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Slovenia to liquidate two small banks as bailout looms

A man walks past Slovenia's Central Bank in Ljubljana July 15, 2011. REUTERS/Srdjan Zivulovic
A man walks past Slovenia's Central Bank in Ljubljana July 15, 2011. REUTERS/Srdjan Zivulovic

By Marja Novak

LJUBLJANA (Reuters) - Slovenia - struggling to avoid an economic bailout - will liquidate two small banks, Factor Banka and Probanka, to ensure the financial stability of its banking system, the country's officials said on Friday.

A statement by the finance ministry and the central bank said the government had provided guarantees totaling 490 million euros ($645 million) for Probanka and 540 million for Factor Banka, to ensure the repayment of their depositors.

Local banks, struggling with 7.5 billion euros of bad loans worth more than one-fifth of national output, are the target of speculation that Slovenia may follow other troubled euro zone members and seek an international bailout in the coming months.

Central bank governor Bostjan Jazbec, who also sits on the European Central Bank's governing board, said depositors would not lose out.

He said they would be able to withdraw money as before, "with no extra limitations" and there was "no basis for a run on the two banks", the first lenders to crumble since Slovenia's economy went downhill in 2009.

"What we are doing is designed to increase security of the bank deposits and improve stability of the banking system," Jazbec told an evening news conference.

But analysts said the action showed Slovenia might be on the brink of a bailout.

"The costs of a possible bailout could exceed 10 billion euros if the government continues to cover losses even in small banks which are not of systemic importance and are not state-owned," said Andraz Grahek of consultancy Capital Genetics.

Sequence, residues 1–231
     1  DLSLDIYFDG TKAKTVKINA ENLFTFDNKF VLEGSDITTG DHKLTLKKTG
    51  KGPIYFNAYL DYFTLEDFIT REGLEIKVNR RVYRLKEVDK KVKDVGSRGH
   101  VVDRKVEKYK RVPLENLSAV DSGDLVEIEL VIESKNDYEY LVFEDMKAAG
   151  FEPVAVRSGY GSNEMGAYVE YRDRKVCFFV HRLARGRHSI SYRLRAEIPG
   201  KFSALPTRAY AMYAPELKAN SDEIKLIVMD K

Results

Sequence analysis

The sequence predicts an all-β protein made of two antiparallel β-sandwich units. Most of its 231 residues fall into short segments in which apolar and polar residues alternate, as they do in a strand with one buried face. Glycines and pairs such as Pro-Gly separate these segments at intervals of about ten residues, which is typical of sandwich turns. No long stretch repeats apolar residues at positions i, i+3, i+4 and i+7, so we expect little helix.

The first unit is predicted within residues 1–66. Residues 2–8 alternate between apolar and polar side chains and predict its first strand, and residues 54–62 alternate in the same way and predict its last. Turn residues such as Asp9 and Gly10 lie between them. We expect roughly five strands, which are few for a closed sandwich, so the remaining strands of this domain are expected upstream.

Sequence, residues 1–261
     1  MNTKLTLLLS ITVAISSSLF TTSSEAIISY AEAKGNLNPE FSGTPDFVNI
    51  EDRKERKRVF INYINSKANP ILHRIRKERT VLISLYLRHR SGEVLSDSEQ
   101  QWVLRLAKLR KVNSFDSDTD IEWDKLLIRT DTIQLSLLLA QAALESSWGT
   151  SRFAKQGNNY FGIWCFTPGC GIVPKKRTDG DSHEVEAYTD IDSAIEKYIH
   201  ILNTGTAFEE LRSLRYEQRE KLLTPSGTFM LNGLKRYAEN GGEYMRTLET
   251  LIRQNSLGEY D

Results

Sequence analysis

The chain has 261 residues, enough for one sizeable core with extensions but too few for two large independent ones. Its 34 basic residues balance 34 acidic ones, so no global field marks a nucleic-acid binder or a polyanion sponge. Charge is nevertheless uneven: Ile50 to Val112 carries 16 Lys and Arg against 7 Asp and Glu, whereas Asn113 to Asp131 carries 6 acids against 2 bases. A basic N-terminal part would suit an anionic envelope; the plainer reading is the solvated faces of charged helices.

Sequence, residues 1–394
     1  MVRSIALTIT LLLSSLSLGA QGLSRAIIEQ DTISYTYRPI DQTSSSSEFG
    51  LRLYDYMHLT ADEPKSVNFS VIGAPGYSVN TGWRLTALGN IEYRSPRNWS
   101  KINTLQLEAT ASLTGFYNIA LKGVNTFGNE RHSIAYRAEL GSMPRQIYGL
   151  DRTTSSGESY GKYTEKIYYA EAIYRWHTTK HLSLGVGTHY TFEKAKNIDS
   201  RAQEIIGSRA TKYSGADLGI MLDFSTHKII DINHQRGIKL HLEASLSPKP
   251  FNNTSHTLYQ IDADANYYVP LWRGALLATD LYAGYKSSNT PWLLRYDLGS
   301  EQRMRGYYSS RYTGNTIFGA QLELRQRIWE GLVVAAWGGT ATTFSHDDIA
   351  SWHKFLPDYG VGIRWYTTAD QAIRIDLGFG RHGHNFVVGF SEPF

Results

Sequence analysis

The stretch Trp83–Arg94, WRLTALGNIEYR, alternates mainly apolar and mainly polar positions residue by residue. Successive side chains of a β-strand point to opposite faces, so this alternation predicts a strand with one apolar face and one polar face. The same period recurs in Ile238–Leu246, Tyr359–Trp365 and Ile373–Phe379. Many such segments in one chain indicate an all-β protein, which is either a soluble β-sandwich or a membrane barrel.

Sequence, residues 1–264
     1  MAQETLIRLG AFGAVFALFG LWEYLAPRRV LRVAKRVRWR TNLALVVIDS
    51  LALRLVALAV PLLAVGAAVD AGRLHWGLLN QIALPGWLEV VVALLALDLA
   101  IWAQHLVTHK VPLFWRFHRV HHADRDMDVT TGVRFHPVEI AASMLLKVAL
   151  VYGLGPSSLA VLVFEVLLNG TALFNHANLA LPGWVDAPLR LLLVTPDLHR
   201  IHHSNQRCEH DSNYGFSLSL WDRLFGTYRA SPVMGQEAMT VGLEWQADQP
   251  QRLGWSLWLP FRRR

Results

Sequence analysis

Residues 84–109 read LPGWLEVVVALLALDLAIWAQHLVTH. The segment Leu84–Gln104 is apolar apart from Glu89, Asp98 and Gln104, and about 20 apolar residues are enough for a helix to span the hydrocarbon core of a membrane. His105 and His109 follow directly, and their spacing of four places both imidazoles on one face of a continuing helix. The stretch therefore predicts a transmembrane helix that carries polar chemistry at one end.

EU APPROVAL

Finance minister Uros Cufer said the controlled liquidation of the two banks had been approved by the European Commission.

The ECB said in a statement later on Friday that "the purpose of this action ... is to contribute to the stability of Slovene banking sector".

The two banks are privately owned and among the smallest lenders in the country of two million, together representing about 4.5 percent of its whole banking system.

Jazbec said earlier on Friday that "further activity of the two banks could significantly reduce financial stability in the Slovenian banking system".

"The Bank of Slovenia and the government are trying to prevent a similar scenario as in Cyprus and representatives of international institutions are ready to prevent that scenario," he said.

He did not give further details but Saso Stanovnik, chief economist at investment firm Alta Invest, told Reuters: "There is an impression that the ECB has a backup plan and will be ready to help Slovenia if needed."

He said he did not expect a bank run next week as officials had made clear deposits were guaranteed in full, not only up to 100,000 euros which is the standard guarantee in the euro zone.

All banks in Slovenia are closed on Saturday and Sunday.

Slovenia plans to start transferring bad loans to a state-owned "bad bank" in October.

Last month the central bank ordered external stress tests of 10 banks, including the two to be liquidated, with results due by December.

The country bought some time in May when it issued two bonds with a joint value of $3.5 billion but will have to tap the markets again no later than in the first quarter of 2014, before its 5-year 1.5 billion-euro bond expires on April 2.

A 10-year bond issued in May carried a yield of 6 percent while on Friday the yield on Slovenia's benchmark 10-year euro bond reached 6.8 percent, up from 6.75 at Thursday's close, according to Reuters data.

Slovenia was the fastest-growing euro zone member in 2007 but was badly hit by the global crisis due to its dependency on exports.

It has been struggling with a new recession since last year amid lower export demand, a credit crunch and a fall in domestic spending caused by budget cuts.

($1 = 0.7600 euros)

(Reporting by Marja Novak; editing by Andrew Roche)

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